An increasing number of stranded foreign nationals are looking for work in Hawke's Bay, despite the season, and civil defence says it is like "watching a slow train wreck".
Civil Defence Hawke's Bay had been providing emergency accommodation, food and clothing to dozens of foreign nationals over the last few months, Civil Defence controller Ian MacDonald said, and the situation was getting worse.
The foreigners included nearly 1700 workers from Pacific islands, employed under the Recognised Seasonal Employment (RSE) scheme, whose contracts had ended and were now left with either little or no work and unable to get home.
Many more were backpackers fleeing the desperate situation in Queenstown in the belief they would find horticultural work in Hawke's Bay.
"But it's the wrong time of year, and they probably don't understand that," McDonald said.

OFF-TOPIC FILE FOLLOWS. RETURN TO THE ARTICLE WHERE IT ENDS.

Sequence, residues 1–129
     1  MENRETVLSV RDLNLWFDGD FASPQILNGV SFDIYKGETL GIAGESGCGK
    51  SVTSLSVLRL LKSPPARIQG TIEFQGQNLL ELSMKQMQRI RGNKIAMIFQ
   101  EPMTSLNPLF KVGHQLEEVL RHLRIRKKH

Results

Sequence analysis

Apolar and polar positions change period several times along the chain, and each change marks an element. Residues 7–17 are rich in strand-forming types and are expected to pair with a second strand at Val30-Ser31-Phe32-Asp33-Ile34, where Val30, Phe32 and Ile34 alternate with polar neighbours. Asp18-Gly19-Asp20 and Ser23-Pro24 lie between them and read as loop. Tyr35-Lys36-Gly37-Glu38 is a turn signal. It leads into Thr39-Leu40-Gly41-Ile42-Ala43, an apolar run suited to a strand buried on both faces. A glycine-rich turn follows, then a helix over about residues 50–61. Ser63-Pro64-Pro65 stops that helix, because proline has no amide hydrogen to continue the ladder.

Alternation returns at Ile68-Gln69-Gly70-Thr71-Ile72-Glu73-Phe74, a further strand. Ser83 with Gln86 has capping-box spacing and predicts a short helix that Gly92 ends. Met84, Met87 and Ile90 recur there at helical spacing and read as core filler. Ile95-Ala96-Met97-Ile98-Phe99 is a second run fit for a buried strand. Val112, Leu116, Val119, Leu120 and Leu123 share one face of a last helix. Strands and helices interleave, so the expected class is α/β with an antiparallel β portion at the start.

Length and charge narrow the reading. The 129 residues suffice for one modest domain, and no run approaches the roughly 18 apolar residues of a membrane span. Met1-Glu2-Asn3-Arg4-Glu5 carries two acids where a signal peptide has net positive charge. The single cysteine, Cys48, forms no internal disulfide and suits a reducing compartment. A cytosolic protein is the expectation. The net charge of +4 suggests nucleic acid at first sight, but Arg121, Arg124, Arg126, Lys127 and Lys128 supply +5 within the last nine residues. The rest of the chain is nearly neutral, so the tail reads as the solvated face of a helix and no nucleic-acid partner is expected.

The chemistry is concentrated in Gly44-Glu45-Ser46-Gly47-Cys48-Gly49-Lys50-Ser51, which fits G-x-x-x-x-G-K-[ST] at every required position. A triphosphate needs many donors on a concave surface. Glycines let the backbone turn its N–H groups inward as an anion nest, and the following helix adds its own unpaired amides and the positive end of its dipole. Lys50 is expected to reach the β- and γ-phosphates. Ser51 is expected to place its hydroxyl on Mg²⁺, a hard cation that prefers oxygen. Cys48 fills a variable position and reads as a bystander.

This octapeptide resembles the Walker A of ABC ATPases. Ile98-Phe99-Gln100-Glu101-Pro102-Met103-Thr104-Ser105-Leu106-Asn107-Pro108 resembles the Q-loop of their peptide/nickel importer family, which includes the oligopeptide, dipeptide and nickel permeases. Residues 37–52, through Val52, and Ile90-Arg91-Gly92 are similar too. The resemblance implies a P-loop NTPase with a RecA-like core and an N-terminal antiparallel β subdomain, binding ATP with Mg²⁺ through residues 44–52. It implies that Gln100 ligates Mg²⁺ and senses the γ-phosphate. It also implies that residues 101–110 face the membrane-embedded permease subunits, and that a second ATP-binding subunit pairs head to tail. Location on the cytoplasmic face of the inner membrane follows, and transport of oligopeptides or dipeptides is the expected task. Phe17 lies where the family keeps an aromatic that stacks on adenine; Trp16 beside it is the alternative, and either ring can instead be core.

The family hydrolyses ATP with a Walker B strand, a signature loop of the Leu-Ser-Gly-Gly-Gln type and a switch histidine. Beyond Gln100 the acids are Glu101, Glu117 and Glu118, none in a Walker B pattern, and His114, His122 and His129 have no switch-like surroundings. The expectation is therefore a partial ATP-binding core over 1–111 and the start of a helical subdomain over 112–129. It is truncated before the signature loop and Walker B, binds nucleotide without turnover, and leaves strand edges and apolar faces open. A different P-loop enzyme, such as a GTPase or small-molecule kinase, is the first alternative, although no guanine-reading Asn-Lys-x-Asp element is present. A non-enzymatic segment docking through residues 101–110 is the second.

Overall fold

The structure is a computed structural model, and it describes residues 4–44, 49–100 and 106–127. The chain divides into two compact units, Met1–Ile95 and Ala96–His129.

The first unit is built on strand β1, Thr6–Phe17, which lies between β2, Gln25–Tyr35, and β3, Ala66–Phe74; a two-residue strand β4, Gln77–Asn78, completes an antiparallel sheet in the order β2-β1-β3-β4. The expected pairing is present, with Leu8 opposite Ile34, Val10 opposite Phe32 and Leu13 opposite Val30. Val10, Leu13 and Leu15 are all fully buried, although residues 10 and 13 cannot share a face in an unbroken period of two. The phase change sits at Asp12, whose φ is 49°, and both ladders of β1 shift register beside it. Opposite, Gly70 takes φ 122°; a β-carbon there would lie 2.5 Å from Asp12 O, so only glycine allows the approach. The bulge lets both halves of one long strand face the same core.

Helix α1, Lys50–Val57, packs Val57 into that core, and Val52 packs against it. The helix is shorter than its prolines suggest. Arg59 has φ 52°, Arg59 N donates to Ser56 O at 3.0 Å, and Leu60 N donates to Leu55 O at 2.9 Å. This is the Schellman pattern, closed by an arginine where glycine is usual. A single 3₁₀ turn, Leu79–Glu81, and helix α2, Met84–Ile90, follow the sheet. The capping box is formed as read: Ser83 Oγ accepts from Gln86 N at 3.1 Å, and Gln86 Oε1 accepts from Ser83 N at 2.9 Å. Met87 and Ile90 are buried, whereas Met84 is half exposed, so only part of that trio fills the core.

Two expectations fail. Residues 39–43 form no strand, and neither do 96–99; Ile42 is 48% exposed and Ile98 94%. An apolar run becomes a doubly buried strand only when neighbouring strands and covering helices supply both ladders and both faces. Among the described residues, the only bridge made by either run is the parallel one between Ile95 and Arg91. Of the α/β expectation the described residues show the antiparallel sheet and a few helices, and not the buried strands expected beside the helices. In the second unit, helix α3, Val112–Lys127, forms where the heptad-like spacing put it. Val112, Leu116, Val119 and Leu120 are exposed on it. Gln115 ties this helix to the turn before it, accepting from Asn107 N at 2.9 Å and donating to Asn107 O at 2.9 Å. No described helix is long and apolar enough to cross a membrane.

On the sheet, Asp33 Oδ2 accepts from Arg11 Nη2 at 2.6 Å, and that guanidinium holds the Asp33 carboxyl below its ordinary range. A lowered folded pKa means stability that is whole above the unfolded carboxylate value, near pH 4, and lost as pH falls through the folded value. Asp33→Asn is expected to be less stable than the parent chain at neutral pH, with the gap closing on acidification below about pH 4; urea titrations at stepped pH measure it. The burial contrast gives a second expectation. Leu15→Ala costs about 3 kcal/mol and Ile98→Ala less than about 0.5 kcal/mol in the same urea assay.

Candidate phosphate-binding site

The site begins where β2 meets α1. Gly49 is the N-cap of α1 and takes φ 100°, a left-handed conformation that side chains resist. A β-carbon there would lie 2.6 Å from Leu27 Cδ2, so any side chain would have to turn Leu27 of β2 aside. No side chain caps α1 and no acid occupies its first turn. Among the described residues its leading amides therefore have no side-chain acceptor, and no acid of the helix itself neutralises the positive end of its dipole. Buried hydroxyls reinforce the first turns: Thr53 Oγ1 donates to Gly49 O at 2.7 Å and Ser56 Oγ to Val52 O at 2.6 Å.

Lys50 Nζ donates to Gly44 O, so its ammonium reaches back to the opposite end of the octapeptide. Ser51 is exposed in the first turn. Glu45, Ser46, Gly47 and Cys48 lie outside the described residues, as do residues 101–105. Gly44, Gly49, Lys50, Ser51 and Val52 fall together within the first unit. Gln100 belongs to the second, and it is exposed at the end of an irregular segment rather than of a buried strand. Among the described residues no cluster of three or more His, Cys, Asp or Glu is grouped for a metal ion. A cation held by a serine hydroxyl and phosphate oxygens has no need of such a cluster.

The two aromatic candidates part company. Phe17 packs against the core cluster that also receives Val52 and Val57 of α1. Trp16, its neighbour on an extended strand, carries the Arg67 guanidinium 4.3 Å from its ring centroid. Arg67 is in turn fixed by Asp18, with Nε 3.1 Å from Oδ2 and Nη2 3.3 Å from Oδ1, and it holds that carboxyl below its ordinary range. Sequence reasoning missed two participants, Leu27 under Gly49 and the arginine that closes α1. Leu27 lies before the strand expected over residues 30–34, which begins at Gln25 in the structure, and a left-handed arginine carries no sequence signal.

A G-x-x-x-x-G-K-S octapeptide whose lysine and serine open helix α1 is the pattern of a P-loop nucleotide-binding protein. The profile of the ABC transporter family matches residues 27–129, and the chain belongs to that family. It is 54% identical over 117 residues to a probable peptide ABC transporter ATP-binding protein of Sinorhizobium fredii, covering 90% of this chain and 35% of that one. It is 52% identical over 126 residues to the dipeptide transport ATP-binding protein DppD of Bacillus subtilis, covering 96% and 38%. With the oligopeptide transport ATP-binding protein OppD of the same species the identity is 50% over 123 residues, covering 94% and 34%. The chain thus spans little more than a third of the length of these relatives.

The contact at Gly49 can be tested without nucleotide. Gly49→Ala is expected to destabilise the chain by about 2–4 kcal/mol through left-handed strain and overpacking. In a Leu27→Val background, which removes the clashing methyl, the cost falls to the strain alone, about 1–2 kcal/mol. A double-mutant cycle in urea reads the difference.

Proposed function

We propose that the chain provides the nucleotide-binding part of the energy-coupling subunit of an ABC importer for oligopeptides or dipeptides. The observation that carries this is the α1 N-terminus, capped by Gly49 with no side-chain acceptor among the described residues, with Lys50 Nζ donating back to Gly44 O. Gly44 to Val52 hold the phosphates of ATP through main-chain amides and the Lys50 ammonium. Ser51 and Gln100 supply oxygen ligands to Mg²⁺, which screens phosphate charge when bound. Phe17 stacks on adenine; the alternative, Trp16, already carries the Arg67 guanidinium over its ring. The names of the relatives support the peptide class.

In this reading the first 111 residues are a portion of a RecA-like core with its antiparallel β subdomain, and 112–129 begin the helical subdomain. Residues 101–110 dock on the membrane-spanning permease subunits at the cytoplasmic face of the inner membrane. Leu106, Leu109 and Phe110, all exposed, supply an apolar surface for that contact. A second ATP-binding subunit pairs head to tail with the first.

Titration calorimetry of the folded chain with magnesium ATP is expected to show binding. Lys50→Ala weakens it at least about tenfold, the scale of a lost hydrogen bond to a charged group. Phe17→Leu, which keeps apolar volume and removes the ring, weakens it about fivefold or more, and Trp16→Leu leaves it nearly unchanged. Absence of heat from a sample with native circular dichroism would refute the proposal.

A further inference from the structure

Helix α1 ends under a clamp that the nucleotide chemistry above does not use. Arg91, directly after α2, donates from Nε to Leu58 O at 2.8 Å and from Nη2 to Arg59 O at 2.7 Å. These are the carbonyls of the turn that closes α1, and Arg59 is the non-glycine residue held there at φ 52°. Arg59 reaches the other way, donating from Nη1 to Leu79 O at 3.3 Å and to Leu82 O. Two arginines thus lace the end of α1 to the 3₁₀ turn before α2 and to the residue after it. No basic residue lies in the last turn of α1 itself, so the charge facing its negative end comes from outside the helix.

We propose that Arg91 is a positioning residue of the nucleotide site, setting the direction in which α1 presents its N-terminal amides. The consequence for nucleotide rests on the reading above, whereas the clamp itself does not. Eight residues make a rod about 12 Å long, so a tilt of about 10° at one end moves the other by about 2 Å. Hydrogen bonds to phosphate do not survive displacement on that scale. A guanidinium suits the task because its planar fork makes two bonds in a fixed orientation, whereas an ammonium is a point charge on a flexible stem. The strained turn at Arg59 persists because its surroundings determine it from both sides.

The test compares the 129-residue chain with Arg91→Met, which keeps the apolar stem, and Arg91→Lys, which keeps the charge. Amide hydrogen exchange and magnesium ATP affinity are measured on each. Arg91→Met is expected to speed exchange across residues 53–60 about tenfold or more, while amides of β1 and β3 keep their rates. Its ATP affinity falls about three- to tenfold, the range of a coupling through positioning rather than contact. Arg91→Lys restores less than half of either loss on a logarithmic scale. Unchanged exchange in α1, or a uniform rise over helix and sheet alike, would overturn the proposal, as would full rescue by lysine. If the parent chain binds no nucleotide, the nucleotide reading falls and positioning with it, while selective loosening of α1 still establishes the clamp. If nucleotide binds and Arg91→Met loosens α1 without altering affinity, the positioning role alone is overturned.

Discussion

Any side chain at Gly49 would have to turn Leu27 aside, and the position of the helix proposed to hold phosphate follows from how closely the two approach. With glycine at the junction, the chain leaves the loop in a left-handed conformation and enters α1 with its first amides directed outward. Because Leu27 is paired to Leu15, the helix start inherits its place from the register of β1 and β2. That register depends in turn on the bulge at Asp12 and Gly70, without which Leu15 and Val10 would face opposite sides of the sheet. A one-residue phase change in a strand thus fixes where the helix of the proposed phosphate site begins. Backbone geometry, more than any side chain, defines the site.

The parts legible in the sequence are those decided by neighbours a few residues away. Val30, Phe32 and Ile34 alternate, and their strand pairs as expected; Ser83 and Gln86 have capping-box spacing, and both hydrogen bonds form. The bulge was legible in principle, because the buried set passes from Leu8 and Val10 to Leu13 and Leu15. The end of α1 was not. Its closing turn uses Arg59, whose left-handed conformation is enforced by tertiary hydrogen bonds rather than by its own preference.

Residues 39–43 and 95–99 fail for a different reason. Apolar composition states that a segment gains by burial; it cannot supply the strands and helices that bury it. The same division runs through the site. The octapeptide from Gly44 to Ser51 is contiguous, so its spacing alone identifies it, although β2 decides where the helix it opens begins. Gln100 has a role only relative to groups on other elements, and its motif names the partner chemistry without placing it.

"We've heard stories of backpackers living in tents in orchards. We're getting frosts, it is the middle of winter ... this is not sustainable."
Furthermore 400 international students at the Eastern Institute of Technology were also stranded with no way of getting home and often no work to fund their stay, MacDonald said.
There were similar situations unfolding in Canterbury and the Bay of Plenty as backpackers tried to seek work in other regions, he said.
"It appears to be finally bubbling to the surface. It's like watching a slow train wreck."
The responsibility of Civil Defence was to provide emergency shelter, food and clothing to foreign nationals needing help, but it was not sustainable to be doing this long term, he said.
His staff needed to again focus on planning for emergencies.
"We need more clarity from the government as to who is responsible for looking after them."